Wendi said that the reason she wanted to make this film was because this was the only justice that she could find. He’s passed away. He died in good standing. There was no justice in that sense. I think allowing people to tell their truth was an attempt at finding some justice for the victims.

Why do you think Dr. Fortier was never pursued further in the legal system?
Because of the confidentiality agreements that were in place with his settlements. And I think that Dr. Fortier was a powerful and politically connected person. Which is problematic, in a lot of ways, when he was doing something that was deceitful.

Do you think the popularity and proliferation of easy at-home DNA testing is a good thing?
I think that in general more information is good. Science is good. Learning the truth is good. But I think the idea that you can learn who you are as a whole person, or that you could discover your whole identity through spitting in a tube and sending it to a lab is problematic.

Have you done any of that DNA testing yourself?
I have not, and I will not.

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OUR DAY TRIP was not going as planned. Oh, it had been planned, all right, in the sense of me vacantly plugging “Double Negative” into Google Maps and pointing the car north on I-15. So much for that. We’d ditched the car miles back. It was a vanishing glint on the horizon. Now we were walking along a rock-toothed dirt road in Moapa Valley, skirting a broad mesa that blurred off into taunting edgelessness. We were trying to find Double Negative, the 1969 land art project by Michael Heizer. But between an impassable road and a flickering cell signal, this was turning into some fateful quest-level shit.

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The plan had been, you know, a breezy Saturday jaunt to check out the crazy legendary land art, ooh and aww in bemusement and reflection, bust out some selfies and be home in time for a late lunch. I mean, it certainly looked doable on a digital map. Everything is doable on a digital map. Everything is an amenity at the end of a squiggly blue line. It’s a devious enchantment of privileged modernity that we’re cursed to learn and forget over and over again. (STFU, I said to my fake deep thoughts I had thought too late.) We continued walking, deeper into the desert, venturing nervous questions. How much farther, you think? How much longer, you think? It had been so long since I had been truly lost that I also forgot the whole idea of lostness was that you’re in a state impervious to human measure. Lol @ cellphone saying four miles to go then a second later just 200 feet!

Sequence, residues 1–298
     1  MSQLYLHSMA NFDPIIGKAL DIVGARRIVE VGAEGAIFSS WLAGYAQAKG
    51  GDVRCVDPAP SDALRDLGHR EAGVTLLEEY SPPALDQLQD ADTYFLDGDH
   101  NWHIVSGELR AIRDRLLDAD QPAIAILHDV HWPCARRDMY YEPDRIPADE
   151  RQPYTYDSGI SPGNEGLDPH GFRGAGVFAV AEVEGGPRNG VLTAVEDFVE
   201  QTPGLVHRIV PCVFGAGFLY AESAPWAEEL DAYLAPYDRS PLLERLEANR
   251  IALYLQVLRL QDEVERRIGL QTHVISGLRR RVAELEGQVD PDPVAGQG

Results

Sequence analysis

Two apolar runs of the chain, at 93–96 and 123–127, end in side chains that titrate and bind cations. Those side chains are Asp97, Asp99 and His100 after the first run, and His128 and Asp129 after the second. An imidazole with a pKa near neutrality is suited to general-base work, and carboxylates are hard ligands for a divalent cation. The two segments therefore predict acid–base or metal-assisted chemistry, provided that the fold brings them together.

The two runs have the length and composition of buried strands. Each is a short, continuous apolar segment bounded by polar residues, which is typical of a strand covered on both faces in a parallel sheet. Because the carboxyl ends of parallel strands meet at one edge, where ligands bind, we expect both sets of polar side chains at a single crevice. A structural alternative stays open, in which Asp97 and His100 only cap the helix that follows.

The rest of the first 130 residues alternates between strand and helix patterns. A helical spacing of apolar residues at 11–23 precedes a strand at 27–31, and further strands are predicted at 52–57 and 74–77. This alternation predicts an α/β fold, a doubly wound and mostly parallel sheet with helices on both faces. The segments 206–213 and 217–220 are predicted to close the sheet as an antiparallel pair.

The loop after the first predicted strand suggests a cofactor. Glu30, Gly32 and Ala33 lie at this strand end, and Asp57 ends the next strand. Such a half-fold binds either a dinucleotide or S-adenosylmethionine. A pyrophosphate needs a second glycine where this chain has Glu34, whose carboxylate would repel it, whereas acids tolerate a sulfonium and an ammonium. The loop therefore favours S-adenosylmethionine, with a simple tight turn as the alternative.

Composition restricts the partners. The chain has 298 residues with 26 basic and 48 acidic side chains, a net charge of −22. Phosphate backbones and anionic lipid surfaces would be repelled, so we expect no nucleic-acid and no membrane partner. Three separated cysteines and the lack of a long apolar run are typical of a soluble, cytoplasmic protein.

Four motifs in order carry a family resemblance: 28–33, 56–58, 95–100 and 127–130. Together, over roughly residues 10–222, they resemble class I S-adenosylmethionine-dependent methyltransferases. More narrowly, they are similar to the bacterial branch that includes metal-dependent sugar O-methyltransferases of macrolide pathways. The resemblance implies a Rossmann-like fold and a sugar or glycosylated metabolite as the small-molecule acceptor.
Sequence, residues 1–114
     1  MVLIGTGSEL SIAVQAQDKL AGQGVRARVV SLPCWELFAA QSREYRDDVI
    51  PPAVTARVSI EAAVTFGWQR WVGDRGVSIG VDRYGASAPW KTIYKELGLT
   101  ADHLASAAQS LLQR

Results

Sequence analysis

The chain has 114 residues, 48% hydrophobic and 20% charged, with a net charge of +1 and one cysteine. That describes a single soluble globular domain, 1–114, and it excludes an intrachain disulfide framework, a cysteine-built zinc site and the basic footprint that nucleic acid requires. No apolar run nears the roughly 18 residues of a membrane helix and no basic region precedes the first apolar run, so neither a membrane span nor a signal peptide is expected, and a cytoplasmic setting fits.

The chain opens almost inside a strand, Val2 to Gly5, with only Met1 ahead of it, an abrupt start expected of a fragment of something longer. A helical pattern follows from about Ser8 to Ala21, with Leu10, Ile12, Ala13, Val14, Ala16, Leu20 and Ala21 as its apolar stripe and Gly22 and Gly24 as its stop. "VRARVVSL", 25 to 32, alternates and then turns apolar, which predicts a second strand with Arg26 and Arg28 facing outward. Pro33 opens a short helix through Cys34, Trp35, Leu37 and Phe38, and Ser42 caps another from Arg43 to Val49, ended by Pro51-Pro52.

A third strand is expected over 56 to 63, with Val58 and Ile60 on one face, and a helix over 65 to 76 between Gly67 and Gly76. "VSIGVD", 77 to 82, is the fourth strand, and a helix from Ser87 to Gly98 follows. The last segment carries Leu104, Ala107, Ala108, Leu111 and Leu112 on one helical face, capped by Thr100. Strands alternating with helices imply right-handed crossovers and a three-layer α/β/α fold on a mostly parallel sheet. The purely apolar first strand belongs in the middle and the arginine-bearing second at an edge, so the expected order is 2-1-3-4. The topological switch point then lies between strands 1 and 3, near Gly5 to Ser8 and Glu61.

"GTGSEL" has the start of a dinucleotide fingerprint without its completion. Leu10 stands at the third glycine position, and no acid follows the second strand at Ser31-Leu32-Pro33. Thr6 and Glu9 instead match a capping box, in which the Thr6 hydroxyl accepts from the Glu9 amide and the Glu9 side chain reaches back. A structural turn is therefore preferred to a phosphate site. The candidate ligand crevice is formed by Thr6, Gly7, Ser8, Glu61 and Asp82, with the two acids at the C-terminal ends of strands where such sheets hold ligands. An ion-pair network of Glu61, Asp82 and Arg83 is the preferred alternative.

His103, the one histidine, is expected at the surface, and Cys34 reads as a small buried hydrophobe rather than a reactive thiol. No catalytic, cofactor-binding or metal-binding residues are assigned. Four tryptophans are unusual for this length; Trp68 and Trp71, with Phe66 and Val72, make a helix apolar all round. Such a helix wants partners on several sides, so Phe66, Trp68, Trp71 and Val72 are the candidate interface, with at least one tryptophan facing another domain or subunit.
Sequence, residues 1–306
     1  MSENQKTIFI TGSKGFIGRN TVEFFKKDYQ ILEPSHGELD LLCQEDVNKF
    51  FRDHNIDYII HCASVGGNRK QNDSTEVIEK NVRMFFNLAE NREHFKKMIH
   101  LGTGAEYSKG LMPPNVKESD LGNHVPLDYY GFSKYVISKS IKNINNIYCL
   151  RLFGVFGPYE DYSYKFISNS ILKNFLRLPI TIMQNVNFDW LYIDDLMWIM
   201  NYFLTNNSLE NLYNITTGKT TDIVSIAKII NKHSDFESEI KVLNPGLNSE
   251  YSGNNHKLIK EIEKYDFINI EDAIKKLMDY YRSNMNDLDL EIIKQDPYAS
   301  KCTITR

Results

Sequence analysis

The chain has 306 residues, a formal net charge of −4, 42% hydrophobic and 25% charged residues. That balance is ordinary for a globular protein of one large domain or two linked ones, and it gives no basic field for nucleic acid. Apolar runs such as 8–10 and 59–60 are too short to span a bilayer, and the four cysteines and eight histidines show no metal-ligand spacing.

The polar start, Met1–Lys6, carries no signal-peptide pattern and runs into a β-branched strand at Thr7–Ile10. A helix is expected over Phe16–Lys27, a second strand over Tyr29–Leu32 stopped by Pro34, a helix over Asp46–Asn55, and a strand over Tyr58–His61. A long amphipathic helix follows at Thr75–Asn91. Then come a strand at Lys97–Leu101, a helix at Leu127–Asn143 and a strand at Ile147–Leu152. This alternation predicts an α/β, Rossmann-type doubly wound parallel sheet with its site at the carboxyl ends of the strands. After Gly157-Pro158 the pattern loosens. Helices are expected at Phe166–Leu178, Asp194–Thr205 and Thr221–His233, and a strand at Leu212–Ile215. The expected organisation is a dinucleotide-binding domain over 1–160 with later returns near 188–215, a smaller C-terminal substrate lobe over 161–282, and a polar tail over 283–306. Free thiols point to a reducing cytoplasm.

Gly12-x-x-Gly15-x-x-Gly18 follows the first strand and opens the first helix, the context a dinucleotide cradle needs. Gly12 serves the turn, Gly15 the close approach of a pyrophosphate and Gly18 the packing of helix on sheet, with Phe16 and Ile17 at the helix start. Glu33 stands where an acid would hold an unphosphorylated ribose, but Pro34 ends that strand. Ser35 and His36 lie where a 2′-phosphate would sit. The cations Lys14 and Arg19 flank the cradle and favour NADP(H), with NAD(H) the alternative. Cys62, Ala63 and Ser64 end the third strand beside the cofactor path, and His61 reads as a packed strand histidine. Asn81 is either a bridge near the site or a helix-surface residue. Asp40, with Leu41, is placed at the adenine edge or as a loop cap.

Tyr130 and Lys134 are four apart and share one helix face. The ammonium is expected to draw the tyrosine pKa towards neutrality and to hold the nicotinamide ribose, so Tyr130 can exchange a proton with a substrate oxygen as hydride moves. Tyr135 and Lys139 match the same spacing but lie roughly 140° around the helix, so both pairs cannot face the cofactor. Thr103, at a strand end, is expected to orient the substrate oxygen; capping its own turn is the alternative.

The only solution was to pay close attention to the land. Honestly, I forgot this was a menu option. But, mounting existential fright has a way of jogging your memory. We had stopped talking and fell into solitudes of private calculation, scanning the mesa’s zagging edge for a telltale gigantic notch that announced itself as important art. It was nowhere. Actually, a better way to describe it is that nowhere was suddenly everywhere, all over the place, saturating everything that was formerly sensible. The concept of scale had exploded and we were newly tiny, buggishly crawling on a vast plate of flat scrub desert set in a ring of gauzy blue mountains that looked like torn paper. Mapless, we were in an immensity made of details. The farther we walked, the more we shrunk. We had to recalibrate: We shouldn’t be looking for something big. We should be looking for something small. Double Negative is not small. It is two senselessly infrastructural, rectangular excavations straddling a canyon. I know nothing about land-art theory and criticism, but as we walked further into the desert and its scale continued its conspiracy to shrink us, I felt something like an emanation of a human’s attempt at a cosmic prank. Or maybe it was that being compelled by a convergence of circumstances and design into just this kind of encounter — searching for something purportedly grand in an even grander immensity, forcing us to scrutinize that living immensity for details, signs, and hints — was part of the intended exercise. Maybe we were meant to get a little lost along the way. I was secretly hoping there’d be a congratulatory interpretive placard at the end saying, you got it, you win, now you understand accessibility is part of the difference between an amenity and a meaningful destination. Now you see the difference between tourism and journey.